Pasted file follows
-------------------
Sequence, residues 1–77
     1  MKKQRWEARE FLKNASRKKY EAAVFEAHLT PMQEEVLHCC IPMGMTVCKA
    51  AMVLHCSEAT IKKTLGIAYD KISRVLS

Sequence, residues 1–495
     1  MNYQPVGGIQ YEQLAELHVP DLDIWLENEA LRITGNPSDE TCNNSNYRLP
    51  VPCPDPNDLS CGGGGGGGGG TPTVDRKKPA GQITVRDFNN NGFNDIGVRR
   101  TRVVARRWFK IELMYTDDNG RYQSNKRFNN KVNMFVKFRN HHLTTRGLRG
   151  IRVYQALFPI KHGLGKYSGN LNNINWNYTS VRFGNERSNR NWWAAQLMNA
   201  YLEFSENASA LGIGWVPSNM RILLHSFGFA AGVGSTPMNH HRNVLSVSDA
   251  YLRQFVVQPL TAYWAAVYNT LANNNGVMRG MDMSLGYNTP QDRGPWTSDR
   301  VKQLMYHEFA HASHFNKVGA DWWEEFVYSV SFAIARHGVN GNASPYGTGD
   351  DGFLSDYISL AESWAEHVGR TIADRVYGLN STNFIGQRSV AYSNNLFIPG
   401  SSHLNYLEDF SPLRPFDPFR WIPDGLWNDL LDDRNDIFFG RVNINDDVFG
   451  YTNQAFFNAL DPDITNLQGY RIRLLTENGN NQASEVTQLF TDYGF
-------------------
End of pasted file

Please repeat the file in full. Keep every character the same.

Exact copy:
Sequence, residues 1–77
     1  MKKQRWEARE FLKNASRKKY EAAVFEAHLT PMQEEVLHCC IPMGMTVCKA
    51  AMVLHCSEAT IKKTLGIAYD KISRVLS

Sequence, residues 1–495
     1  MNYQPVGGIQ YEQLAELHVP DLDIWLENEA LRITGNPSDE TCNNSNYRLP
    51  VPCPDPNDLS CGGGGGGGGG TPTVDRKKPA GQITVRDFNN NGFNDIGVRR
   101  TRVVARRWFK IELMYTDDNG RYQSNKRFNN KVNMFVKFRN HHLTTRGLRG
   151  IRVYQALFPI KHGLGKYSGN LNNINWNYTS VRFGNERSNR NWWAAQLMNA
   201  YLEFSENASA LGIGWVPSNM RILLHSFGFA AGVGSTPMNH HRNVLSVSDA
   251  YLRQFVVQPL TAYWAAVYNT LANNNGVMRG MDMSLGYNTP QDRGPWTSDR
   301  VKQLMYHEFA HASHFNKVGA DWWEEFVYSV SFAIARHGVN GNASPYGTGD
   351  DGFLSDYISL AESWAEHVGR TIADRVYGLN STNFIGQRSV AYSNNLFIPG
   401  SSHLNYLEDF SPLRPFDPFR WIPDGLWNDL LDDRNDIFFG RVNINDDVFG
   451  YTNQAFFNAL DPDITNLQGY RIRLLTENGN NQASEVTQLF TDYGF